March 12, 2019
It was musical business as usual in the all-Handel first half of the Philharmonia Baroque Orchestra’s March 7–10 concerts — not that there was anything routine about the Overture to Partenope and the five vocal selections that followed. With the regally entrancing mezzo-soprano Anne Sofie von Otter and the ingratiating countertenor Daniel Moody in the house, and conductor Nicholas McGegan marshaling his fine period-instrument band, the audience at the Herbst Theatre cozied up to the kind of programming and performances they’ve come to expect.
PBO listeners have also learned to expect the unexpected now and then. And so it was after intermission, with both a world and Bay premiere on the bill (both songs by Caroline Shaw), along with a trio of works by the contemporary Estonian master Arvo Pärt. Finally it was back to the 17th century, with an evening-ending performance of music from Purcell’s The Fairy Queen.
While there were abundant pleasures to be found throughout the evening, attention should go first to what was new and/or perhaps new to Philharmonia Baroque regulars. It was entirely fitting that von Otter should sing Shaw’s two pellucid settings of contrasting poetic texts. In 2015, the singer proposed that PBO commission Shaw to write her a song to perform with the orchestra.
That piece, Red, Red Rose, is a beauty. Von Otter and the orchestra gave it an exquisite Bay Area first airing.
In musicalizing the Scottish bard Robert Burns’s famously fervent lines (“Oh, my Love’s like a red, red rose”) Shaw used a transparent tonal language of spare, expressive simplicity. There were echoes of a Baroque ground bass and effusions of Coplandesque lyricism. The strings offered up a limpid pizzicato backdrop to start. Shaw worked a witty, floating dissonance into a line about a melody “sweetly played in tune.” Tints of traditional Scottish ballads came through.
Von Otter, who had changed into a prettily patterned floral dress at intermission, looked and sounded in accord with Shaw’s compositional palette. In The Edge, a world premiere setting of a quietly ravishing 2016 Jacob Polley poem, the singer’s lustrous, richly characterized voice and delicate discriminations lent a luminous glow. Once again Shaw tracked the lines attentively, whether with pointilist pizzicati, pulsing strings, rustling agitation, or an open-hearted tonic chord. The closing lines — “the light that sings/off the edge of the rose” — got a wondrous quizzical uptick. Von Otter spun it all together with the conviction of someone who knew the song and its suggestive depths of feeling through and through.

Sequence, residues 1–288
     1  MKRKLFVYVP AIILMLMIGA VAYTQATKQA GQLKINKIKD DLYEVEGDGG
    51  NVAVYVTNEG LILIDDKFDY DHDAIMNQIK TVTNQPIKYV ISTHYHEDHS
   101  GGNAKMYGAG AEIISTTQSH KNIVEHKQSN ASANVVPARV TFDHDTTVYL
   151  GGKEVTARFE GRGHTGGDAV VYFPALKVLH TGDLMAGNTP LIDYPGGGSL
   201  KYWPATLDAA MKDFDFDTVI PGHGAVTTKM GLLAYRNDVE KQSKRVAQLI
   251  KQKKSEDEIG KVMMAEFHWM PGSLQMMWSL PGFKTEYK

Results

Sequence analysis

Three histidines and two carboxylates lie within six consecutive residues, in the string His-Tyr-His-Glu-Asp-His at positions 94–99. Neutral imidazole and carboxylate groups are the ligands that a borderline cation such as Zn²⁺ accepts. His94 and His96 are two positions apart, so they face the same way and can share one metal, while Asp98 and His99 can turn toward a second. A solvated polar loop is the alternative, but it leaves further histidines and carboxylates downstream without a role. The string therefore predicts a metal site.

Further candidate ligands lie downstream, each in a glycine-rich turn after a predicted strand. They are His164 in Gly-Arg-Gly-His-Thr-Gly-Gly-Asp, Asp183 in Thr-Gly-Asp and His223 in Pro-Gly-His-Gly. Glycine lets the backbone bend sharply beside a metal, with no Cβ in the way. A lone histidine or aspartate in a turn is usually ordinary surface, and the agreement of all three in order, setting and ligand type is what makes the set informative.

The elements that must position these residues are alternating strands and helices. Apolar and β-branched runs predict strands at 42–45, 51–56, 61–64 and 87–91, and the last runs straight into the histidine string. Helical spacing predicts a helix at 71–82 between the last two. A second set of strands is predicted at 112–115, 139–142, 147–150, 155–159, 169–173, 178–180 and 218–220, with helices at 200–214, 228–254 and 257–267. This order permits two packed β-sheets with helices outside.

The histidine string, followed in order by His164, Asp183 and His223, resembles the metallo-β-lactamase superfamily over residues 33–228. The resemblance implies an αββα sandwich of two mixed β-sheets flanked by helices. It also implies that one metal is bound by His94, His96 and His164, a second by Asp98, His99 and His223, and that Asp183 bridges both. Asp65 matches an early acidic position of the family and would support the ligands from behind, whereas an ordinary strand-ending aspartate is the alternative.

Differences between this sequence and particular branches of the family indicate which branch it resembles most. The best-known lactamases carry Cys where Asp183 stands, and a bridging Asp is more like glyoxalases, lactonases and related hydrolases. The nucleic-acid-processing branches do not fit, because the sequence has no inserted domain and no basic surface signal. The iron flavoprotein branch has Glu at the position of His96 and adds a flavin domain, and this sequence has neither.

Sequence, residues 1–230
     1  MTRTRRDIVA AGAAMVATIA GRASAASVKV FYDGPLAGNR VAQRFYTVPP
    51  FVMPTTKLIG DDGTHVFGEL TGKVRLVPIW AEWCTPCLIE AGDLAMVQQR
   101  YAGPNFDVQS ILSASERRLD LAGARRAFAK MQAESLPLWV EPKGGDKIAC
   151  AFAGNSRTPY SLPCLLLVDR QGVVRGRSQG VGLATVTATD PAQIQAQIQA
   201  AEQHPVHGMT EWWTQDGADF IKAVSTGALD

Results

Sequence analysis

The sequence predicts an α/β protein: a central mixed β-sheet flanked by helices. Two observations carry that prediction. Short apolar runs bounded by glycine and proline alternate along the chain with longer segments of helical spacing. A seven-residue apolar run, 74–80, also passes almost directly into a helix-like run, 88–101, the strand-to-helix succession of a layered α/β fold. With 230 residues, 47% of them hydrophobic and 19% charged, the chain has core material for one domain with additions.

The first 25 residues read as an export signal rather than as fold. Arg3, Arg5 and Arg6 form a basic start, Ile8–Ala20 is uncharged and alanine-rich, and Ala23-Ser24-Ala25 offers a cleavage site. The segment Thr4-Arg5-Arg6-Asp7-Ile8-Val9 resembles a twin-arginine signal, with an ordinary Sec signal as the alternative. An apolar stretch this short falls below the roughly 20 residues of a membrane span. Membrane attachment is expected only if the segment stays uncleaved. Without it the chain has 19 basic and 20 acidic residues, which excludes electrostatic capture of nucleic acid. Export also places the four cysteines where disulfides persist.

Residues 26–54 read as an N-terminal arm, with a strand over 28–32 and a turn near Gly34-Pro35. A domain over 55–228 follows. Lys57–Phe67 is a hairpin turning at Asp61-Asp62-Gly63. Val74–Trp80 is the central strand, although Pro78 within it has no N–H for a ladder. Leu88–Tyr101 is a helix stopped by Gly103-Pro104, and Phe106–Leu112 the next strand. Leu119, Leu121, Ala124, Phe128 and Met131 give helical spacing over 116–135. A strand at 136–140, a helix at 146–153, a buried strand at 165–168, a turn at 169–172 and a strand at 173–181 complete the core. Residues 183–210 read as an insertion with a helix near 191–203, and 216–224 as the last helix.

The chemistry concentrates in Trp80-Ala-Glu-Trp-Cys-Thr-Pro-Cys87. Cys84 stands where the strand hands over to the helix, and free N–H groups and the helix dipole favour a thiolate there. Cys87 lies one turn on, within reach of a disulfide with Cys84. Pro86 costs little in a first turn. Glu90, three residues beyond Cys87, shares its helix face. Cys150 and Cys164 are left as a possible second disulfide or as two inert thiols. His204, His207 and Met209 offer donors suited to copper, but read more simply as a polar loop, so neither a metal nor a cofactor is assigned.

The Pärt portion of the evening began with the orchestral Summa, an ideal invitation to this soulful artist’s universe of meditative calm. The gradual ebb and flow of a single oscillating string figure took on the gravitational pull of an ocean tide in McGegan’s sensitive, demurely lush reading. Moody, singing with the purity of a boy soprano, gave the Lord’s Prayer (Vater unser) a self-effacing clarity. Finally, set off only by the shimmer of two violins, Von Otter and Moody sang an aching, heartsick duet (Es sang vor langen Jahren) from opposite sides of the stage. Seated far apart, they twinned their lines together prettily, even as the distance between them seemed unbridgeable.
The two singers teamed up to comparably fine effect in Handel’s “Welcome as the dawn of day,” from his oratorio Solomon. Here love bloomed openly between the title character and von Otter’s Queen of Sheba. They sang and played it to the hilt, trading phrases and adoring looks. Von Otter had already made her Solomon Sheba shine, with sparkling diction and a plush, pliable conversation with oboist Marc Schachman in “Will the sun forget to streak.”
Moody did his best solo Handel work in a dark, dusky, and assertive “Furibondo spira il vento” (Furious blows the wind) from Partenope. A listener could almost feel the harsh winds storming through the lines.
McGegan opened the evening with a keen and eventful account of that opera’s overture. Phrases were balanced and poised and rhythms tightly sprung. The music had both sensual allure and a purposeful stride, whetting the appetite for the opera in full. Happily, San Francisco Opera can fulfill that wish, when the company reprises a fine and modish revival of their 2014 Partenope in June.
The musicians fared less well in the Handel Concerto Grosso Op. 3, No. 2. A prevailing sluggishness and scruffy playing, including fluffed notes, marred the sequence of dances. The Purcell Fairy Queen Suite got off to a similarly unpromising start, only to rally partway through. Dramatic shifts, rustic tunes, and a whirling Chaconne brought this richly varied evening to a close.